10 Most Populated Cities in the World

(THIS ARTICLE IS COURTESY OF TRAVEL TRIVIA)

 

10 Most Populated Cities in the World

Earth is home to more than 7.7 billion people and we have to put them somewhere. For millions of people, cities are that somewhere, with everyone existing next to each other with varying degrees of comfort. These are the 10 most populated cities in the world, according to the World Population Review.

Osaka, Japan | 19.2 Million

Credit: xavierarnau/iStock

For tourists, Osaka is about two things. The first is eating. The Japanese term “kuidaore,” which translates to “eat yourself broke” or “eat until you drop,” is frequently used to describe the city. The second is shopping. The city is full of stores, outlets, malls, bodegas, stalls and vendors. Between those two, you should have a pretty good idea of what your itinerary will be full of in Osaka.

Beijing, China | 20 Million

Credit: SeanPavonePhoto/iStock

There’s some irony in the fact that 20 million people have such ready access to the Forbidden City, a palace that traditionally carried strict, and often fatal, punishment for unauthorized visitors. Though not ironic is the fact that Beijing remains the seat of the Chinese government. That was the original point of the Forbidden City, after all.

Mumbai, India | 20.2 Million

Credit: saiko3p/Shutterstock

Mumbai is another one of those old cities that was renamed by the British empire, and has made the modern decision to change back. That’s why some readers may recognize the name Bombay, which was the name of the city up until 1995, when the political party Shiv Sena came to power in the city. Whatever you call it, there are a lot of people living in the city.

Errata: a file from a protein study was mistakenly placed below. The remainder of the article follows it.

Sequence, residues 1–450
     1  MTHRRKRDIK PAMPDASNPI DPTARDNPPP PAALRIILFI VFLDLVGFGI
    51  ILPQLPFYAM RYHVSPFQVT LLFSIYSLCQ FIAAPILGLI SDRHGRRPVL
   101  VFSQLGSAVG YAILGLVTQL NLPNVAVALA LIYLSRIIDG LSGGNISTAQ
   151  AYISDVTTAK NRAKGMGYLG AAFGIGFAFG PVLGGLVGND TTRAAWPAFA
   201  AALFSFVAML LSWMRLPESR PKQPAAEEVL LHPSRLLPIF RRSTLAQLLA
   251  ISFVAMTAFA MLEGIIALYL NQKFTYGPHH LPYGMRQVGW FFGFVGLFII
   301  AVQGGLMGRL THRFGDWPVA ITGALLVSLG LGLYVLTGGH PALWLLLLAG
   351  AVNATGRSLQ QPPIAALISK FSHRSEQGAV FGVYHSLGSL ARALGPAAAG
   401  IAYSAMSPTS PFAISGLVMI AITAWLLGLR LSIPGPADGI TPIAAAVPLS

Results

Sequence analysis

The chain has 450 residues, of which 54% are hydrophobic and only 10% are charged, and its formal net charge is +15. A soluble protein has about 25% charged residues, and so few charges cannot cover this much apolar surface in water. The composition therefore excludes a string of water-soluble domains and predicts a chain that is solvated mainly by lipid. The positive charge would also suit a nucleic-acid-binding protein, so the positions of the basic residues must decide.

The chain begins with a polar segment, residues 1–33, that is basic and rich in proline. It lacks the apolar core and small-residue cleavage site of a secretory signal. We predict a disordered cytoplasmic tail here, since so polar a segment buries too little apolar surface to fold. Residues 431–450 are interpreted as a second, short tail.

Dhaka, Bangladesh | 20.3 Million

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For a city with so many people, we haven’t heard a whole lot about Dhaka. It’s the capital of Bangladesh, so that’s something. It kind of makes it seem like a city of more than 20 million people is some kind of well-kept secret. Not to Bangladeshis, obviously, but to the rest of us.

Cairo, Egypt | 20.5 Million

Credit: Prin Adulyatham/Shutterstock

Unlike the other cities on this list, Cairo’s population growth is apparently on track for disaster. Just 11 years from now, in 2030, the city’s projected to hit 119 million and the government’s scrambling for solutions. Hopefully they figure something out quickly because 11 years is pretty much the blink of an eye when it comes to city planning.

Mexico City, Mexico | 21.7 Million

Credit: DC_Colombia/iStock

Mexico City’s origins are in some very cool terraforming done by the Aztecs. They expanded a small natural island in Lake Texcoco into an island large enough to house their fortified city, Tenochtitlán, by dumping dirt into the lake until the island was big enough. Today, the sprawl of Mexico City has far exceeded what the island could have held.

São Paulo, Brazil | 21.8 Million

Credit: f11photo/Shutterstock

São Paulo’s size caught us a little off guard. Rio de Janeiro is in the news so often that it’s almost like the default Brazilian city. But São Paulo’s population beats Rio’s by millions. It’s a financial center for Brazil but doesn’t sacrifice culture to achieve it. Case in point, São Paulo’s ethnic diversity is huge, with reasonably large Jewish, Japanese, Italian and Arab populations, among others.

Shanghai, China | 26.3 Million

Credit: Sven Hansche/Shutterstock

The fact that Beijing wasn’t the most populous city in China was a little surprising, though we’d say Shanghai would have been our second guess for “largest Chinese city.” Shanghai’s a great place to experience the convergence of old and new Chinese culture and certainly has enough going on that you won’t be bored. Lost maybe, but not bored.

Delhi, India | 29.4 Million

Credit: hadynyah/iStock

Delhi is expanding so much that it’s approaching the next step in the development of cities, where the word city may not even apply anymore. Megacity gets closer, but we’re almost thinking that a modernized form of city-state might be more appropriate. City will work for now, but we imagine there’s going to be an etymologically significant conversation happening in the Indian government soon.

Tokyo, Japan | 37.4 Million

Credit: yongyuan/iStock

Tokyo was the only city that could possibly be expected to top this list, even if you didn’t know the exact population. It’s huge and full of people, two things that seem like simple statements until you actually put them in context. It’s constantly brought up in conversations about population density, city planning and the psychology of living in a huge modern city and is the place to watch if humanity’s going to understand its urban future.